What You Need to Know Before Boondocking

Boondocking is the practice of camping in an RV that is not hooked up to utilities like water and electricity. One of the great things about owning an RV is the ability to take modern amenities with you on a camping trip, but that is not so much the case with boondocking – in many ways, this type of travel is like staying in a much larger, much more comfortable tent. You won’t have many of the luxuries that you have gotten used to in the RV, but you will still have a nice place to sleep each night.

What You Need to Know Before BoondockingIf you are considering boondocking for an upcoming trip, be sure to consult the tips below before you leave.

Pack Carefully

Camping off the grid means that you are going to have to have everything you need with you when you go. It will likely not be feasible to just run to the store for a few things once you have settled in, so make detailed packing lists and check things off as they are purchased and loaded up to the RV. Specifically, make sure you have enough food, enough water, warm clothes, first aid, and other basics. Even when staying in the comfort of an RV, you still need to respect the wilderness and make sure that you are prepared for as many circumstances as possible.

Using Solar

If you want to have electricity available to you while boondocking for a long period of time, solar power is the way to go. Solar panels make it possible to draw power straight from the sky, and there are plenty of solar options for RV purposes. If, however, you are only going to be staying for a short period of time, you might just be able to get by with a generator.

6736d6a6e4e4ad0e58aa4d6f5a886bb2Information is Your Friend

Before you head off to set up camp for a week or more, do some research to figure out where you can travel safely. You don’t want to get your large RV down a small road only to find that you can’t turn around, so take a smaller car or truck ahead on a scouting mission. It is always attractive to park your RV as far out in the wild as possible, but that isn’t always the practical choice.

Think Conservation

Your resources are naturally limited when you are boondocking, so don’t blow through them quickly within the first couple days. Be conservative with your use of food and water, especially early in the trip. If you run out of essential supplies you are going to have to cut your trip short (or at least interrupt it), so be smart and think ahead.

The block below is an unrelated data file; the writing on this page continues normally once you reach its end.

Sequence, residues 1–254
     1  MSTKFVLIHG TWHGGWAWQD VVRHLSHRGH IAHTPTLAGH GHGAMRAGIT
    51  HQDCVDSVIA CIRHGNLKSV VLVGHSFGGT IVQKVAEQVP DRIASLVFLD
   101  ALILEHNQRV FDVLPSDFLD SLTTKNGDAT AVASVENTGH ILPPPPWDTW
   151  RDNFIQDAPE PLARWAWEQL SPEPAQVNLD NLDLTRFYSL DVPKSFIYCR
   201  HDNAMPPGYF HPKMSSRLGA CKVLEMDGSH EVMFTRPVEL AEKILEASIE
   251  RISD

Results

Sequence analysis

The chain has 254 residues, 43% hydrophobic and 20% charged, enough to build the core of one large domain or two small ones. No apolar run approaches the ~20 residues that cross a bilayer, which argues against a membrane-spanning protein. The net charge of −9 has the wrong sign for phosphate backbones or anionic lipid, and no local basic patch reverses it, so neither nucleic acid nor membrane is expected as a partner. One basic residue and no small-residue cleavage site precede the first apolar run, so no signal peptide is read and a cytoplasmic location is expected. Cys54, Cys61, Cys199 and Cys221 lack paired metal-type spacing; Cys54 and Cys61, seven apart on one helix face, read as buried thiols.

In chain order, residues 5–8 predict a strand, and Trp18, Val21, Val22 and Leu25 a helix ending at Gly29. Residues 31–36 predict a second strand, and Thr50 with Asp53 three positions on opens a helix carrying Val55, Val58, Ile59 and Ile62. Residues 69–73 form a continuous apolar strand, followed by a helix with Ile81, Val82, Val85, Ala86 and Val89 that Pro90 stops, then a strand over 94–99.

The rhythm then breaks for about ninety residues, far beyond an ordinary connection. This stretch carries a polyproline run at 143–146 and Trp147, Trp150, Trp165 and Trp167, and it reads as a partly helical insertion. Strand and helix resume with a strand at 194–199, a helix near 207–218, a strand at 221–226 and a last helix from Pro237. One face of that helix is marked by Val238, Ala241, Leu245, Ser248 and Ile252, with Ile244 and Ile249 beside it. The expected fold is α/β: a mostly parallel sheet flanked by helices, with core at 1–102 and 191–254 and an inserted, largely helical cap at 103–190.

Observe the Law

You can’t just park your RV anywhere you please, even if it looks like there is no one around for miles. Be sure to check into camping regulations before you go, and respect the nature around you when you get there. The idea of ‘leave no trace’ applies to RV travel just like hiking and any other form of outdoor adventure.

Wildlife Rules

When camping deep out in the woods, remember that the animals are in their native territory – you are their guests. With that in mind, keep an eye out and steer clear of any wildlife that is wandering by. The best interaction with wildlife is the one you don’t have, so respect their space and understand that you are the guest in this situation.

Boondocking can be great fun, but it doesn’t come without its challenges and limitations. As always when traveling, preparation and planning can go a long way. Know what you are doing before you head out, and have fun!

4 COMMENTS

  1. For several years my wife and I have enjoyed boondocking with my 35-foot motorhome. It is equipped with a V-10 Triton gasoline engine, 5KW Onan generator, 3-burner propane range with oven, propane/electric RV refrigerator/freezer and LED lighting. I have found that our biggest limitation has not been lack of an electric hook-up but, instead, our supply of potable water and the proper disposal of the contents of our waste tanks. We can run our coach on 12-volts from its AGM batteries for at least 24 hours after charging them from our generator for just an hour or so. However, three or four days is about as long as we can comfortably camp without replenishing our water supply and dumping our waste tanks.

    A professional solar installation that is capable of sustaining a motorhome without running its generator can cost $12,000 or more and, of course, doesn’t work if the coach is parked in the shade. Unless we’re camping in cool weather, finding a shady campsite usually enables us to stay comfortable without running air conditioning. We love the freedom and economy of being able to boondock at national seashores, national parks and in state parks but we do not try to camp in wilderness areas that are not designated as campgrounds believing that it’s safer to be in supervised areas near other campers.

  2. I pretty much agree with you Lewis. I’m looking to buy a 5th wheel toyhauler, and if I ever boondock with it, I’ll just run the generator. No way I’d own an RV without one. I’ve seen some campgrounds, that the electricity wouldn’t work right, or blow breakers. Fire up the generator. I think that would be the drawback to having a residential fridge in the RV instead of a RV fridge. It has to have electricity from either a generator or AC. You could at least run an RV fridge on propane or battery or a generator. I probably will be doing some boondocking here and there. Looking to go fulltime this spring/summer.

  3. Our limiting factor when boondocking is fresh water. We can stay out about one week at a time. We love our solar, but it doesn’t extend our water issue.

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